Canterbury's Stephanie Tweed has made sporting history at the national sheepdog trials in Northland by being the first woman to win a New Zealand title.

Tweed and her trusty dog, Grit, won the straight hunt event in the Tux New Zealand Sheepdog Trial Championships at Ohaeawai, northeast of Kaikohe, on Thursday after first taking out the North Island title.

She was presented with the coveted trophy late on Friday after the five-day contest on the slopes of Mt Te Ahu Ahu.

Her win shatters a glass ceiling in what has been a male-dominated sport for well over a century.

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Northland Sheepdog Trial Association president Chris Robertson said 240 competitors and more than 500 dogs from as away as Southland took part in the event, which combined the North Island and national championships. The nationals were held in Northland every 13 years.

Stephanie Tweed, New Zealand's first sheepdog trial national champion, whistles to her dog Grit during the straight hunt event at Ohaeawai. Photo / Heather Easterbrook
Stephanie Tweed, New Zealand's first sheepdog trial national champion, whistles to her dog Grit during the straight hunt event at Ohaeawai. Photo / Heather Easterbrook

The entire sport was buzzing with news of Tweed's win, Robertson said.

As far as anyone knew it was the first time a woman had won any of the four courses — long head, short head, straight hunt or zigzag hunt — in the history of the national competition.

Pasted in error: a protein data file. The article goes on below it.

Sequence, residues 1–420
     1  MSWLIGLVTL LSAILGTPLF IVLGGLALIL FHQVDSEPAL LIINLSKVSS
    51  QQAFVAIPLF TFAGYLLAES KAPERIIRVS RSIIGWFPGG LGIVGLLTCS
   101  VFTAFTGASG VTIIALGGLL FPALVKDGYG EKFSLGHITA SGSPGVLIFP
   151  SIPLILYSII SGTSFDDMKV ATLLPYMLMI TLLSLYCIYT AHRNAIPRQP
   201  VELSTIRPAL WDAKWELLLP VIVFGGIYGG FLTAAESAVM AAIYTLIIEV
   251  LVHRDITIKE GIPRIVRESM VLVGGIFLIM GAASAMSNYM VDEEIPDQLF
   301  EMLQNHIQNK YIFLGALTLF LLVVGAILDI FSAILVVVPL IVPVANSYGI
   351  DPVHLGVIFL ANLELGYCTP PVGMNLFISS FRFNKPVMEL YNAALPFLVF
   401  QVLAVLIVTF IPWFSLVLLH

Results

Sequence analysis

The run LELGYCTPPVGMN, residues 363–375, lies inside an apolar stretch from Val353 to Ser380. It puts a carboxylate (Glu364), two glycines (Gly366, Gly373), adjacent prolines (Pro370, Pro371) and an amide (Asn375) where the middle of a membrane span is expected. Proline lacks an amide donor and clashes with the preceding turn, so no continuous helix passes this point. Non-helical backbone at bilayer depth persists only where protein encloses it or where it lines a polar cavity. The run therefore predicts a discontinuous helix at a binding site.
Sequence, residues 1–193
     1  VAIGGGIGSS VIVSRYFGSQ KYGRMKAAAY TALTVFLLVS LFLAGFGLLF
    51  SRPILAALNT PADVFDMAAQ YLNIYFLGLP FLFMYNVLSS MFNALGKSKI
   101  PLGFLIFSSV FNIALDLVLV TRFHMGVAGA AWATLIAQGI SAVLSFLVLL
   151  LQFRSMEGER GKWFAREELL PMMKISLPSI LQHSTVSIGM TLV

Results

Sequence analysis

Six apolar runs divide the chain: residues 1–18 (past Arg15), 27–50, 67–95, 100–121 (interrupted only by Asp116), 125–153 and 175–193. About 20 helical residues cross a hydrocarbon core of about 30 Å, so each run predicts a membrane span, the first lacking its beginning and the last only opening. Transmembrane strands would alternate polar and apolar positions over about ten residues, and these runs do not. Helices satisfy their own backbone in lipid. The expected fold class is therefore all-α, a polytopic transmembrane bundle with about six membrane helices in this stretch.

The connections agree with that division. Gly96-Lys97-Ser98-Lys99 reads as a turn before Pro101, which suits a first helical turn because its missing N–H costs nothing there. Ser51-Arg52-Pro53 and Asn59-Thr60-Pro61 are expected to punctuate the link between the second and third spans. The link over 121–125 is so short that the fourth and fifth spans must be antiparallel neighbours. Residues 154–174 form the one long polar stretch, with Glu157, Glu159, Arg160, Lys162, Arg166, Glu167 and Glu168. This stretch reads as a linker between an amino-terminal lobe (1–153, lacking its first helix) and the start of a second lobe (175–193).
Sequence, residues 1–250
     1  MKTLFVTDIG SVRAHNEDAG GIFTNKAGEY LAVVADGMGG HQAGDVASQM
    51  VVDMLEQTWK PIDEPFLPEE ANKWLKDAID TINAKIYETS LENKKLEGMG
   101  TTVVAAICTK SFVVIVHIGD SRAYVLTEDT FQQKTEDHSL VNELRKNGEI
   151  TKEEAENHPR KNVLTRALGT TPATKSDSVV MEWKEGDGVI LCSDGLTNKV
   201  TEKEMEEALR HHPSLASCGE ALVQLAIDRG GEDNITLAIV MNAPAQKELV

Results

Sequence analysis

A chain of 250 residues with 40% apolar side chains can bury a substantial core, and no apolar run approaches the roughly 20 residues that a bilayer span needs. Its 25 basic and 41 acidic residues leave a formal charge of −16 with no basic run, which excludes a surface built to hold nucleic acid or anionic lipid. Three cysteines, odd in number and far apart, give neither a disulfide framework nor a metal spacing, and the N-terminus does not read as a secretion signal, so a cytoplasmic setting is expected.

''I'm absolutely delighted for her, and it's great for dog trialling that she's won. There's a bit of a revolution going on. More and more women are getting involved, and there's no reason why they can't be as good as the men.''

Robertson said Tweed's win would encourage more women into dog trialling, which could only be good for the sport's numbers and longevity.

The whole event had gone extremely well, he said.

''We've had our moments with the weather but it's been mostly good, the sheep have been good, and Te Ahu Ahu is quite unique. It's an old volcanic cone so we hold sheep in the crater at the top. If you had to design a course you'd design Te Ahu Ahu.''

Robertson said the competitors had all qualified in their own club championships first so they were the ''crème de la crème'' of New Zealand sheepdog trialling.

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Tweed, who is in her mid 20s, is from Waitahuna in Otago where her father Roger Tweed is also an accomplished dog trialist. She lives in North Canterbury.